women said they would focus on saving for retirement and 12 per cent on paying
off their mortgages five years from now.
    "Every new year, women tend to make resolutions about improving their
health and wellness," said Ms. Dusablon. "We'd suggest that women pay special
attention to their financial health by making one simple financial improvement
in 2009. For example, always pay for food, including restaurant meals, in
cash. Also, if you are already contributing the maximum amount to your RRSP,
consider opening a Tax-Free Savings Account (TFSA) with what you have saved as
the result of your cost-cutting measures. The best thing about financial
fitness is that you get immediate gain with very little pain."
    For more information on simple strategies to improve your financial
well-being in 2009, please visit: www.rethinkretirement.ca.

    About the Survey

    SOM Surveys, Opinion Polls and Marketing conducted the survey on behalf
of Desjardins Financial Security between June 26 and August 12, 2008. In
total, 2,217 interviews were conducted with a representative sample of
Canadian adults. The sampling plan provides proportional estimates with a
maximum margin of error of plus or minus 2.4 per cent at a 95 per cent
confidence level (19 times out of 20). The data was statistically weighted to
accurately reflect the composition of Canadians by region, gender and age
based on Statistics Canada's 2006 Census information.
    SOM Surveys, Opinion Polls and Marketing conducted another survey on
behalf of Desjardins Financial Security between October 21 and 23, 2008. In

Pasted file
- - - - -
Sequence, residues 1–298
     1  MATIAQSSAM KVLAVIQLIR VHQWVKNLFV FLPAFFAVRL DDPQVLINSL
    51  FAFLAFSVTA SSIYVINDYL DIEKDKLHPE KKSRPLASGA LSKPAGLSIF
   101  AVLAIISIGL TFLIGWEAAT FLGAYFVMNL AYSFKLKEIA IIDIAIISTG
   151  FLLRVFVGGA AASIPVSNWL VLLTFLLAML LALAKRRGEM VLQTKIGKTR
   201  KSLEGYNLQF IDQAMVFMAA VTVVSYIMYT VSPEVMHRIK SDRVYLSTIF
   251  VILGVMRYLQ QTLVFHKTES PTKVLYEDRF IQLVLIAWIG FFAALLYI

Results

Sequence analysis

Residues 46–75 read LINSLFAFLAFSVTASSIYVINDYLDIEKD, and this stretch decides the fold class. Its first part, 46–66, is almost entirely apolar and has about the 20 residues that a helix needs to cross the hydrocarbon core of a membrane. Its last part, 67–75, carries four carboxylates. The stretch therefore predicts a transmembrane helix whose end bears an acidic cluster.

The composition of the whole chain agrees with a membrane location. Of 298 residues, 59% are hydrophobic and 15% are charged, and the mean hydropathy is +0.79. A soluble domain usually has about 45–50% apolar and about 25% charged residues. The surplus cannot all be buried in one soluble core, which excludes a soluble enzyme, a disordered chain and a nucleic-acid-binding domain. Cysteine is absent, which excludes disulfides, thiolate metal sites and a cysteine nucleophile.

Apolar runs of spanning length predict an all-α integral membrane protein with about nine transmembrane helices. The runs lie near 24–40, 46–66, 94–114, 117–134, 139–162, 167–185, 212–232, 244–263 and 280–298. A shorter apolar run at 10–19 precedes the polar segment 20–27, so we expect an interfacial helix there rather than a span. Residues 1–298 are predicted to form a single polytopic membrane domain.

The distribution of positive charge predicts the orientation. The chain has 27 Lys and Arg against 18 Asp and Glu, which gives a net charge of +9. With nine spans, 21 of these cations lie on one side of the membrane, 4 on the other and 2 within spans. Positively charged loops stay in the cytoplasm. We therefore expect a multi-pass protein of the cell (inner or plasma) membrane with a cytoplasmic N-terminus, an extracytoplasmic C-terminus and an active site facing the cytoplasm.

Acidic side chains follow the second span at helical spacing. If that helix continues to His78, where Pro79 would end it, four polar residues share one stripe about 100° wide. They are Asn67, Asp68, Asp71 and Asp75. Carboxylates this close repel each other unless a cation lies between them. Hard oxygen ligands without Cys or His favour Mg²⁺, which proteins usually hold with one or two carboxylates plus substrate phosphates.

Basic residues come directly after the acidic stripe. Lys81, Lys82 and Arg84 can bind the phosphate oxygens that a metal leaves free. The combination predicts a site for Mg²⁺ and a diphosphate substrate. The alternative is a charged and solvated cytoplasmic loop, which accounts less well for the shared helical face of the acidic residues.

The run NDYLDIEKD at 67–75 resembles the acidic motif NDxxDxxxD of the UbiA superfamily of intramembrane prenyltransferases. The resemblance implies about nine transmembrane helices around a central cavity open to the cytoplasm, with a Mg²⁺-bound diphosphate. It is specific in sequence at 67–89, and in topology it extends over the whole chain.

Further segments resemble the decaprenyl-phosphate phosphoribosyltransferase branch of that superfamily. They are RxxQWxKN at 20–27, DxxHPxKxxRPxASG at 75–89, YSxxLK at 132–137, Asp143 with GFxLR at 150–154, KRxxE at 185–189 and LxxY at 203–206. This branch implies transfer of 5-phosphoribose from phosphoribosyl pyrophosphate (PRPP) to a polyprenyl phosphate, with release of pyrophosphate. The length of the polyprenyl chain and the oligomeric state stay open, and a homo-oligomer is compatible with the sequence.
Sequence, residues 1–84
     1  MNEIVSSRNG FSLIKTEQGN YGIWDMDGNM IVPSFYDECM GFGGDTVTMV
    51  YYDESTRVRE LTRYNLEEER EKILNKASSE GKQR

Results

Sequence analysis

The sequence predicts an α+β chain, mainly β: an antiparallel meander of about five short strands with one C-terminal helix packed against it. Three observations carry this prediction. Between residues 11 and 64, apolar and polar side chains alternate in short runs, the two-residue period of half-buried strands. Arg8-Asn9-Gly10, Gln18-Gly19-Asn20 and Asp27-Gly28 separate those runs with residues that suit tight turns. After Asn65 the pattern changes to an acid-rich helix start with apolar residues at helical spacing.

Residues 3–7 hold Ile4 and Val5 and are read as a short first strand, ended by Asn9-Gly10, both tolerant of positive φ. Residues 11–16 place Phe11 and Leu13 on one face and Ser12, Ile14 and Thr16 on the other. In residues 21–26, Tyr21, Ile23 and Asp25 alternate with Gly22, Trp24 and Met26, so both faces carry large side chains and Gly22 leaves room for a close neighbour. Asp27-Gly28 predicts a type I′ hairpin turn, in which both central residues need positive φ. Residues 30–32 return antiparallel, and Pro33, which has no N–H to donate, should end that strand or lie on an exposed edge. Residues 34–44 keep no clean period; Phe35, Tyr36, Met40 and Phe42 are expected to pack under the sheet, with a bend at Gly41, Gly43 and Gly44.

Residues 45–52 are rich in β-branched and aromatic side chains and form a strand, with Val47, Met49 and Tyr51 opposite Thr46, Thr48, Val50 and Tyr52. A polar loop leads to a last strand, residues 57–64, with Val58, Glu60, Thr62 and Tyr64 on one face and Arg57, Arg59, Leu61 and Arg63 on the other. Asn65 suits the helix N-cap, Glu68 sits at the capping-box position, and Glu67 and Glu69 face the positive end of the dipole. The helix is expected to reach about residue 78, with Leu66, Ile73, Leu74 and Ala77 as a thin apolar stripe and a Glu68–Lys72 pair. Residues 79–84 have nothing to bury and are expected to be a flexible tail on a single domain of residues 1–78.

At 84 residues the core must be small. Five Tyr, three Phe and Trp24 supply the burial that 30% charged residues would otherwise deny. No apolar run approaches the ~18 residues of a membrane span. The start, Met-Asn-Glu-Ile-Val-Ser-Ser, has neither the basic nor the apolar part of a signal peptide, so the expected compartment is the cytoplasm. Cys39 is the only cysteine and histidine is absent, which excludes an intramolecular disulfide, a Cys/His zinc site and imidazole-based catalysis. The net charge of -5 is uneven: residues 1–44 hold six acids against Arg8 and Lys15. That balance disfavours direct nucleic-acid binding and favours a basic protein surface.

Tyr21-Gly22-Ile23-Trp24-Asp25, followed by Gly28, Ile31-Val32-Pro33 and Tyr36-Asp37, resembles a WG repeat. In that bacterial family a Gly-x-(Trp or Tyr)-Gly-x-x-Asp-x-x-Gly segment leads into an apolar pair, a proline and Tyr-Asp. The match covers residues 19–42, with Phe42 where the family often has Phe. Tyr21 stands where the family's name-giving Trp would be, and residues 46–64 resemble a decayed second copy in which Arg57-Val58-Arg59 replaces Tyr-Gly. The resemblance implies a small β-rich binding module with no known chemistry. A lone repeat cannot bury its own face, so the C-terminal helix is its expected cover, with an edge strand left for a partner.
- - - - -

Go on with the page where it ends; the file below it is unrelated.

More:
total, 1,150 interviews were conducted with a representative sample of
Canadian adults. The sampling plan provides proportional estimates with a
maximum margin of error of plus or minus 1.4 per cent at a 95 per cent
confidence level (19 times out of 20). The data was statistically weighted to
accurately reflect the composition of Canadians by region, gender and age
based on Statistics Canada's 2006 Census information.

    About Desjardins Financial Security

    Desjardins Financial Security is a subsidiary of Desjardins Group, the
largest integrated cooperative financial group in Canada, and specializes in
providing life insurance, health insurance and retirement savings products to
individuals and groups. Every day, over five million Canadians rely on
Desjardins Financial Security to ensure their financial well-being. Desjardins
Financial Security employs nearly 3,900 people and administers over $22
billion in assets from offices in several cities across the country, including
Vancouver, Calgary, Winnipeg, Toronto, Ottawa, Montréal, Québec, Lévis,
Halifax and St. John's.




For further information:

For further information: Sarah Twomey, Desjardins Financial Security,
(416) 926-2700, extension 2015, Toll free: 1-877-906-5551, extension 2015;
Virtual newsroom: http://www.desjardinsfinancialsecurity.com/press; Isabelle
Truchon, Desjardins Financial Security, (514) 350-8700, extension 8668, Toll
free: 1-877-750-8700, extension 8668; Virtual newsroom:
http://www.desjardinsfinancialsecurity.com/press